Before the birth of his second child, influential psychologist B. F. Skinner wanted to minimise the stress a newborn baby would cause for his wife. To alleviate the problem, he invented an improved crib that he called the air-crib. The easily cleaned, climate controlled box was a success with his daughter and commercial production began. However, public perception of the device was terrible, in part because of images like the one above of a child seemingly trapped inside a cupboard.
The air-crib was also confused with Skinner’s more famous invention used in animal psychology studies, the operant conditioning chamber, or Skinner Box, which modified its subjects’ behaviour through rewards and punishments, such as a jolt from the electrified floor. The myth that Skinner raised his daughter in a Skinner box was parodied on The Simpsons with Dr Marvin Monroe’s plan to buy a baby and raise it in his ‘Monroe Box,’ his theory being that the child “will be socially maladjusted and will harbor a deep resentment towards me.”
The Pigeon-Guided Missile
One of Skinner’s lesser known inventions was a missile guidance system operated by pigeons. During the Second World War, radio-controlled guidance systems were vulnerable to jamming. Operation Pigeon aimed develop an unjammable system. Pigeons were first trained to peck at an image of a target, such as a German battleship. Three pigeons housed in the nose cone of a missile, each in its own compartment, could direct the missile by pecking at a reflected image of its target. A feedback system caused the missile to change direction based on the frequency of pecks. Despite interest from the military, the project was abandoned when electronic guidance systems became feasible.
The Anti-Tank Dog
The Russians conceived the idea of using dogs to carry explosives into battle. Dogs were trained for this purpose from 1930 until 1996, but were only deployed during World War II against Germans on the Eastern Front.
During testing, the dogs performed well, diving underneath tanks to retrieve food. In the field, however, numerous problems arose. Many of the dogs would not approach moving tanks and were shot while waiting for them to stop. Others, frightened by the noise of gunfire, returned to the trenches where their bombs detonated, killing Soviet troops. Furthermore, the dogs had been trained with diesel-powered Soviet tanks and were less inclined to approach the strange-smelling gasoline-powered German tanks.The Nazi Superdog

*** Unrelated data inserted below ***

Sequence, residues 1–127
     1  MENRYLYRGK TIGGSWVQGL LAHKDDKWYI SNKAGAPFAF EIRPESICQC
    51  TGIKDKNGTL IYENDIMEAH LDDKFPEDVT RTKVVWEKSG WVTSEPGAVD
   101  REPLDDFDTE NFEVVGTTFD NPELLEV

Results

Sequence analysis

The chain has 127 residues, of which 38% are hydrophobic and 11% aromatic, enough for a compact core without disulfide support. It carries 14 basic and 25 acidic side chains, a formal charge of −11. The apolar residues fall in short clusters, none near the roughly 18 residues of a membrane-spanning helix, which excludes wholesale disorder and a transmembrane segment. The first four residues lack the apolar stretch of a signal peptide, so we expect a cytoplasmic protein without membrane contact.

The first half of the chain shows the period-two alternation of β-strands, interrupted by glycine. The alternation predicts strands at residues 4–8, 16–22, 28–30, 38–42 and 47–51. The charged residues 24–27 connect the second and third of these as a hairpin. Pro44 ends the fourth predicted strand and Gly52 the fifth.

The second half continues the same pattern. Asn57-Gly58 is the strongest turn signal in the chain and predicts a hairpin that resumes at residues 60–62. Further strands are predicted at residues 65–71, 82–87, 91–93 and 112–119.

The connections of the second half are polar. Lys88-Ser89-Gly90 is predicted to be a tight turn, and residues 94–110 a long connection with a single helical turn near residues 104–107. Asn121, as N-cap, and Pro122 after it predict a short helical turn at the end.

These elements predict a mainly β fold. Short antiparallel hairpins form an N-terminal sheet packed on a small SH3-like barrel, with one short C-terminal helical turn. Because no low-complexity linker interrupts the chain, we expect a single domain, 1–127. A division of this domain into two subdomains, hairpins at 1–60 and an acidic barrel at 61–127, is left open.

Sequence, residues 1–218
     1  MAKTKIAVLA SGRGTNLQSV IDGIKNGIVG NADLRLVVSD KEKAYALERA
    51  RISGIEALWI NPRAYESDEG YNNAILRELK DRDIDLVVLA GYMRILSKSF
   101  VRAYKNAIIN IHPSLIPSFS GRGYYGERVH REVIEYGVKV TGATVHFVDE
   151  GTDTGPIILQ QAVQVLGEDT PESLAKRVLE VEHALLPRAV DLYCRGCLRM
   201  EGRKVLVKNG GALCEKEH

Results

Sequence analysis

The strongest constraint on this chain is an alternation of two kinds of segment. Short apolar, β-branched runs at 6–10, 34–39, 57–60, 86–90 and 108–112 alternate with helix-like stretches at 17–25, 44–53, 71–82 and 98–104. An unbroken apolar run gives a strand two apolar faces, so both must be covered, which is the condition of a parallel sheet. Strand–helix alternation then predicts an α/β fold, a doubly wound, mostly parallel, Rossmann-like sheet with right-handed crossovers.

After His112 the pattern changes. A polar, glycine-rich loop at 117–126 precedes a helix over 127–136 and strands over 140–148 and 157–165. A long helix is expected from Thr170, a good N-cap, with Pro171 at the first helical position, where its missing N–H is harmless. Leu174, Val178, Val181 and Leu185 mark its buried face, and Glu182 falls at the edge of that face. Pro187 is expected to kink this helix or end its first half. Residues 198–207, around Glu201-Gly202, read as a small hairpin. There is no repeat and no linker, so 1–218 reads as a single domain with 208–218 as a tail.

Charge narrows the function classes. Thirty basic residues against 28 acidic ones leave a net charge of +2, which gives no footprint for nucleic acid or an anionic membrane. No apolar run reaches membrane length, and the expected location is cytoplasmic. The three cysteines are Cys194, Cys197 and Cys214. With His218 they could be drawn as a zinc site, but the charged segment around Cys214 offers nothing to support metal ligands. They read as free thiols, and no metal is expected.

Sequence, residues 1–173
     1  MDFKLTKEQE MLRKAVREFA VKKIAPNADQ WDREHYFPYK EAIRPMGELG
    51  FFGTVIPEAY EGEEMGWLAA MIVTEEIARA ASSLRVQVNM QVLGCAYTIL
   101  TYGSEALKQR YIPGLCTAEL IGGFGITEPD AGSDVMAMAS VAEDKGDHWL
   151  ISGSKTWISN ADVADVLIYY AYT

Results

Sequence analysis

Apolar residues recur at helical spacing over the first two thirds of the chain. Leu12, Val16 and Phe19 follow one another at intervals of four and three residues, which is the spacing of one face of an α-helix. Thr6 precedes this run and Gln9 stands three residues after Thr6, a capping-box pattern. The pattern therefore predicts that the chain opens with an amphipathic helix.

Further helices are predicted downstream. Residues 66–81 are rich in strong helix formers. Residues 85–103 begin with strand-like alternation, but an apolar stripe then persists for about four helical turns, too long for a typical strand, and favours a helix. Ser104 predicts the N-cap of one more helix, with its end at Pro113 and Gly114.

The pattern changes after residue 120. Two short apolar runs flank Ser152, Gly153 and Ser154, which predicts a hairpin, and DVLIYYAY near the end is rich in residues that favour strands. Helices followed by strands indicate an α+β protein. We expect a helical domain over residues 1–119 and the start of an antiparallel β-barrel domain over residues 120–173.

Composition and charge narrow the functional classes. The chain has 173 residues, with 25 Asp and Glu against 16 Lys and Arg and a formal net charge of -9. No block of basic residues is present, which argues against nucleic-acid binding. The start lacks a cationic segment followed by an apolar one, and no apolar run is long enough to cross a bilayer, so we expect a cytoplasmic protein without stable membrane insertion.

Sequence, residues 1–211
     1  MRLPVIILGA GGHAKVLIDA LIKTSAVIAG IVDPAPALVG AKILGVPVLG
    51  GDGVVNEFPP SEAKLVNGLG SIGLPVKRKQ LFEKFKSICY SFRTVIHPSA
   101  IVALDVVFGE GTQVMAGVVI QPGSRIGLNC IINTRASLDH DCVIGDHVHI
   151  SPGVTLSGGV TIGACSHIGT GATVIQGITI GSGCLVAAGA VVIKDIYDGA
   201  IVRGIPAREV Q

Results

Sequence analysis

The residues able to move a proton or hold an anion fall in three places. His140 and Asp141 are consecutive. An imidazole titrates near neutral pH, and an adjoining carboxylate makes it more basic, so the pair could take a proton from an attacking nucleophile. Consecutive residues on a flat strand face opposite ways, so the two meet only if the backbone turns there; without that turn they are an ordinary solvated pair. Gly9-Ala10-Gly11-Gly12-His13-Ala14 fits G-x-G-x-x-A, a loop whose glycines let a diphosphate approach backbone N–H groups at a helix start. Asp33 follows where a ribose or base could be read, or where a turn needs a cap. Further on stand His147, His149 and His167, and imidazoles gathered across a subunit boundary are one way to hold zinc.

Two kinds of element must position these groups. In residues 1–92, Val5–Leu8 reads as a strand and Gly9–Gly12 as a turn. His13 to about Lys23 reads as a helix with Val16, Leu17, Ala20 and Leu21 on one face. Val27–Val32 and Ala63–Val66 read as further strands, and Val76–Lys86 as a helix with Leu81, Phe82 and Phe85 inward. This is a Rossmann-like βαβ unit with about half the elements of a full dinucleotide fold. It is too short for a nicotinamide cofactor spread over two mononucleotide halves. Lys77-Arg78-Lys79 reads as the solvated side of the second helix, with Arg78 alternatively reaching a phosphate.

While the Germans ridiculed the debacle of the anti-tank dogs, the Nazis were themselves pursuing a far more ridiculous canine program. Believing that dogs were almost as intelligent as humans, they attempted to train dogs to speak with the aim of utilising talking dogs in the war. Despite some tantalising results, the project never came fully to fruition.
Some of the early successes, such as a dog who could write poetry by tapping its paw to indicate letters, are thought to be due to the ‘Clever Hans’ effect. Hans was a German horse with apparently high intelligence. His owner, Wilhelm van Osten, gave demonstrations throughout Germany in which Hans was asked a question and would tap his hoof to indicate the answer. Hans was able to read the time, perform arithmetic and answer other simple questions.
Upon investigation, it was found that Hans was remarkably good at reading subtle, unconscious cues from his audience. When Hans was unable to see anyone who knew the answer, his accuracy dropped from 89% to 6%. Dubbed the Clever Hans effect, the phenomenon has been observed in other companion animals and humans. Apart from complicating animal psychology studies, the Clever Hans effect also has repercussions on police interrogation of suspects and witnesses, the operation of juries and the interpretation of polling data.